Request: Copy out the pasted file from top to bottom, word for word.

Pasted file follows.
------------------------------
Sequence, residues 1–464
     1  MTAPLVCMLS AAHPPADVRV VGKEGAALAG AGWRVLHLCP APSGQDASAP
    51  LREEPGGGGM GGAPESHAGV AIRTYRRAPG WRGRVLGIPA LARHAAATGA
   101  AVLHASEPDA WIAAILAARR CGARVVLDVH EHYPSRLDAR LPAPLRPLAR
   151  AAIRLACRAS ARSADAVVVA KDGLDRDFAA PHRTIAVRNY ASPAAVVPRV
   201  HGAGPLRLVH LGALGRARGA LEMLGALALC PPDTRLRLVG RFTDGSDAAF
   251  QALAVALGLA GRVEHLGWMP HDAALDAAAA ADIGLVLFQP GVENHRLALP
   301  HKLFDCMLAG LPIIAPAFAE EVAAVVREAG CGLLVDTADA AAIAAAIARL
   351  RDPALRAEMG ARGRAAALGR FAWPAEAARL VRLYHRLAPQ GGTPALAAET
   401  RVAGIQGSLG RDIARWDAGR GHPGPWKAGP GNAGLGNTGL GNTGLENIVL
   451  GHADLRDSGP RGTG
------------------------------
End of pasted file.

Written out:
Sequence, residues 1–464
     1  MTAPLVCMLS AAHPPADVRV VGKEGAALAG AGWRVLHLCP APSGQDASAP
    51  LREEPGGGGM GGAPESHAGV AIRTYRRAPG WRGRVLGIPA LARHAAATGA
   101  AVLHASEPDA WIAAILAARR CGARVVLDVH EHYPSRLDAR LPAPLRPLAR
   151  AAIRLACRAS ARSADAVVVA KDGLDRDFAA PHRTIAVRNY ASPAAVVPRV
   201  HGAGPLRLVH LGALGRARGA LEMLGALALC PPDTRLRLVG RFTDGSDAAF
   251  QALAVALGLA GRVEHLGWMP HDAALDAAAA ADIGLVLFQP GVENHRLALP
   301  HKLFDCMLAG LPIIAPAFAE EVAAVVREAG CGLLVDTADA AAIAAAIARL
   351  RDPALRAEMG ARGRAAALGR FAWPAEAARL VRLYHRLAPQ GGTPALAAET
   401  RVAGIQGSLG RDIARWDAGR GHPGPWKAGP GNAGLGNTGL GNTGLENIVL
   451  GHADLRDSGP RGTG